Kat’s Book: January to May 1968

After New Years Eve Kat and I continued to go out every weekend. We would see each other at work fairly often and occasionally get together at her apartment after work.  Kathy had become good friends with Terry Graham but Terry would join Jeff Coles at the University of Arizona in January.  Kat was also friends with Lydia Resnanski, a young girl about Kat’s age who worked in her unit at DSS.  Lydia  was Kat’s work buddy; they would  gossip together, occasionally have lunch  or dinner together and would share the mindset of girl’s with Catholic school educations in the late 1960’s.  Kat continued to visit her parents and sisters monthly at the Jersey Shore and occasionally would visit her favorite aunt, Eileen, in North Arlington, New Jersey.  Eileen was a real character as I was to find out in later years.

My best buddies were my cousins Bill Orzen and Steve Jacobs.  Kat and I would go out with them fairly often in the winter and spring of 1968.  Bill lived just a few blocks from where I lived with his mom, my aunt Ida.  Bill had an engaging personality, one that appealed to women. Kat liked him a lot.  She always saw him as being fun to be with and she looked forward to our time with him.   The three of us would go to Jahn’s ice cream parlor on Church avenue  and indulge ourselves with their famous ice cream sodas.  We would have a great time together; always a lot of laughs.  Bill worked with us at DSS.  I think he was going out with someone and we sometimes double-dated but at that time there were no serious relationships for Bill.  Very few people thought of DSS as a career so  Bill was planning to leave DSS eventually. As you will shortly find out, in a few months I pushed him to leave;  an event that had a great influence on the remainder of his life  and started  with Bill and Bob’s great adventure.  More about that later.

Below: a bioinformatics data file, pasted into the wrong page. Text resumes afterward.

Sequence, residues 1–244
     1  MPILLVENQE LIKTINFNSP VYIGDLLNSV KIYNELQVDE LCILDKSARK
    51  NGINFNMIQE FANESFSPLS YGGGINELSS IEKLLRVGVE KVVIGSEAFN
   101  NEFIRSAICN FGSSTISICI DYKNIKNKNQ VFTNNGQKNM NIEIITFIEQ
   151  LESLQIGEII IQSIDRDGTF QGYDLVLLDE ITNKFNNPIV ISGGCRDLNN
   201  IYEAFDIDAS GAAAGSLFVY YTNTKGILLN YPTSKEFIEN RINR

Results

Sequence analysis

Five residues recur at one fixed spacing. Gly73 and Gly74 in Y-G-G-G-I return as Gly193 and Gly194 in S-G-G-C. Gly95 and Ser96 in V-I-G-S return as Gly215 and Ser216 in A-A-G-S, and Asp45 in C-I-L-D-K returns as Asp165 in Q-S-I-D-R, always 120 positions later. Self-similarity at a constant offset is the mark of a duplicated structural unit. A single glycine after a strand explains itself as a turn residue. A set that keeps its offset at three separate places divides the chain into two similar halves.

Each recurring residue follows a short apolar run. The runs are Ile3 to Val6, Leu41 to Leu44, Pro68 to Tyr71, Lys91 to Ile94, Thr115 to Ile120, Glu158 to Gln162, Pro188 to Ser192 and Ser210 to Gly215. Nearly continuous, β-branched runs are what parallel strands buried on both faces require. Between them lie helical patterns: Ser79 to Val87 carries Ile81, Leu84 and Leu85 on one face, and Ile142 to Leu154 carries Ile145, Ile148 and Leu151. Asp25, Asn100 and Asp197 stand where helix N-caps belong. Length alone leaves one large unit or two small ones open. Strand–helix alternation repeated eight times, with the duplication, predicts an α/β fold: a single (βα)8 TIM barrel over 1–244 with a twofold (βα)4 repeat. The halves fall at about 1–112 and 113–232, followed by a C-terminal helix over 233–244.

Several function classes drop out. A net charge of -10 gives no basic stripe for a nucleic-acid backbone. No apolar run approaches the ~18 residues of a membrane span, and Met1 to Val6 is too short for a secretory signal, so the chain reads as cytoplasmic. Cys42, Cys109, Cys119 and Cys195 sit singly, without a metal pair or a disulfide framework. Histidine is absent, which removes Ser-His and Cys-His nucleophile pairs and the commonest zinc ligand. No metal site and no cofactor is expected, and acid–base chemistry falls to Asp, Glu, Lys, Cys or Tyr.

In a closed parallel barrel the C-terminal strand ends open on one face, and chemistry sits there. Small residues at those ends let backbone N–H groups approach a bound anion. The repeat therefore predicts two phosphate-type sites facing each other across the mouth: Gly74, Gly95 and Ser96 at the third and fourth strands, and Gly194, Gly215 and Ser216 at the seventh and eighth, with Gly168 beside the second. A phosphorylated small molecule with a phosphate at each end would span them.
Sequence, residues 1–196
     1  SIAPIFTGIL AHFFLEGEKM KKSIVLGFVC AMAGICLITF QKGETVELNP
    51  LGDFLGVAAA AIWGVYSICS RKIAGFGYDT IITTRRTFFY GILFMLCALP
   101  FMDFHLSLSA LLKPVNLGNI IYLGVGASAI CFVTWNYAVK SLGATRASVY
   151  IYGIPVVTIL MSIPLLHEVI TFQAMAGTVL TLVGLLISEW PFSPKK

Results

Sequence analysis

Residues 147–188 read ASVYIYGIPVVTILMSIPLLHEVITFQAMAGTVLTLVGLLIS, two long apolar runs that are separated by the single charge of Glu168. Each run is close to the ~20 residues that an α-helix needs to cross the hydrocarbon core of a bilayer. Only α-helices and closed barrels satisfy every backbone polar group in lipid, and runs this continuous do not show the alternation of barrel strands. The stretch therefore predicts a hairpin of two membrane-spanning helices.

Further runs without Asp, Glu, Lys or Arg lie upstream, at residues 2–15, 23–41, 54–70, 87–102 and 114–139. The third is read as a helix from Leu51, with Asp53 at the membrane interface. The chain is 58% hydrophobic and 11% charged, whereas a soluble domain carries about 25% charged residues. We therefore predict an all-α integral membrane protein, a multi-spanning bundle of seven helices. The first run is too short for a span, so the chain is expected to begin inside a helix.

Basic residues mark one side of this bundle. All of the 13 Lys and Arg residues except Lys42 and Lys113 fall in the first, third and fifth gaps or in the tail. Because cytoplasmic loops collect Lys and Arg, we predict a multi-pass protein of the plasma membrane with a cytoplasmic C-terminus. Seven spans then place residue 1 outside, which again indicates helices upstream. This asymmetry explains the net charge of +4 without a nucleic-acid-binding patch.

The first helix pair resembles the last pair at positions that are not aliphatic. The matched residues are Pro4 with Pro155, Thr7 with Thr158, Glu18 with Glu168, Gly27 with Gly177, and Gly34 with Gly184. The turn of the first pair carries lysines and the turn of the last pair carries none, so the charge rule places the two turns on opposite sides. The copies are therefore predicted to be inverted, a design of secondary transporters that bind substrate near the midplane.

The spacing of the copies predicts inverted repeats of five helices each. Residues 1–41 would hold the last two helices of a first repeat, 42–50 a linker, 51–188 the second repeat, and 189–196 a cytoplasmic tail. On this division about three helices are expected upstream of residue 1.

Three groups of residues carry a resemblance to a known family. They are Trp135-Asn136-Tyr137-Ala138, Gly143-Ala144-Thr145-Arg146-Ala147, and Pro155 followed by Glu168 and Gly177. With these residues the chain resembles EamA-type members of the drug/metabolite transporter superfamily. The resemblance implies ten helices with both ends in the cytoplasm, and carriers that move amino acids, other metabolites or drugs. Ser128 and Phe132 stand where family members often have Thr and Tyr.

Steve lived on Long Island so Kat and I didn’t see as much of him during the first half of 1968 as we did Bill.  Steve was more cerebral than Bill.  He generally had a unique way of looking at things.  He reminded me of myself in that, fairly often, I would think something was funny or interesting but I couldn’t get many  people to agree with me.   Steve played a very big part in our wedding.  He gave me incredible support and never asked for anything in return.  I will be forever grateful to him for that and I should have told him so long ago. 

Kat and I would spend the spring and summer walking around Brooklyn,  going into Prospect Park, and exploring Greenwich Village.   In Prospect  Park we would rent a rowboat or a paddle boat.  There were summer music concerts we attended in the park.  We often visited the beautiful Brooklyn Botanical Gardens.  We saw Judy Collins and Richard Pryor perform at Brooklyn College.  Sometimes we would go into one of the music clubs in Greenwich Village in Manhattan.  We saw Tom Paxton, the folk singer perform at the Bitter End. I think Bill and Steve were with us.  I have vague recollections of seeing John Sebastian, the founder of The Lovin’ Spoonful, as a solo act. We saw other live performances at other clubs but I don’t remember who they were.